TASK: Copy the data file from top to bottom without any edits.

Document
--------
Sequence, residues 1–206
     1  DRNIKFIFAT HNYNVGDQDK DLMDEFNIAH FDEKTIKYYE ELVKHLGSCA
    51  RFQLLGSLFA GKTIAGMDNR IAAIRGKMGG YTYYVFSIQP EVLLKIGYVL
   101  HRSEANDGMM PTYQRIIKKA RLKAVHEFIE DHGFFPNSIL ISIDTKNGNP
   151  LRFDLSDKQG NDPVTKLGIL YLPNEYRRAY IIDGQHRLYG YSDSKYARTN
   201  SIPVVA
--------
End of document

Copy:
Sequence, residues 1–206
     1  DRNIKFIFAT HNYNVGDQDK DLMDEFNIAH FDEKTIKYYE ELVKHLGSCA
    51  RFQLLGSLFA GKTIAGMDNR IAAIRGKMGG YTYYVFSIQP EVLLKIGYVL
   101  HRSEANDGMM PTYQRIIKKA RLKAVHEFIE DHGFFPNSIL ISIDTKNGNP
   151  LRFDLSDKQG NDPVTKLGIL YLPNEYRRAY IIDGQHRLYG YSDSKYARTN
   201  SIPVVA